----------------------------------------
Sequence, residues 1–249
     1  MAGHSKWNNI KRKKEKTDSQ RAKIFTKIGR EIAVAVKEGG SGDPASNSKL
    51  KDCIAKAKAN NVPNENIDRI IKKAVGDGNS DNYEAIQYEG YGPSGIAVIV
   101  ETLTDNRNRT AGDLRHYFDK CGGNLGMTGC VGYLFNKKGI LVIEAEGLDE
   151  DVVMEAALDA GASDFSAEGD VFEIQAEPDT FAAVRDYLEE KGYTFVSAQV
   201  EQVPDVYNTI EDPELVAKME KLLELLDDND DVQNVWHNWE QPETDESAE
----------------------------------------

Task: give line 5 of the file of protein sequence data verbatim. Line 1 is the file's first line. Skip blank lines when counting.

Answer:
   151  DVVMEAALDA GASDFSAEGD VFEIQAEPDT FAAVRDYLEE KGYTFVSAQV